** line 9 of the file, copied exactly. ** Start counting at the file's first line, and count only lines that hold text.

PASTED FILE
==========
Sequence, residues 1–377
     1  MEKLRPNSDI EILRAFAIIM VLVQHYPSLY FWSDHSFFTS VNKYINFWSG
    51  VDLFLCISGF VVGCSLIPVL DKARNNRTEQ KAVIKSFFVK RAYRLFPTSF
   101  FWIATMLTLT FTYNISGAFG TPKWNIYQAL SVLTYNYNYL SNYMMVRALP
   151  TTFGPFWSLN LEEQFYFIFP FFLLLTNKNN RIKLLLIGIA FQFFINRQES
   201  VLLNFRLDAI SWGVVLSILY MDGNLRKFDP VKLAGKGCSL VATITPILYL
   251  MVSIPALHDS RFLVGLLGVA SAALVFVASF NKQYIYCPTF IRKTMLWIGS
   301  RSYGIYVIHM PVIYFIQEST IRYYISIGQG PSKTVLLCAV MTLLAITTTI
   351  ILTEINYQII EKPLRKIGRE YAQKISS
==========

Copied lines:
   351  ILTEINYQII EKPLRKIGRE YAQKISS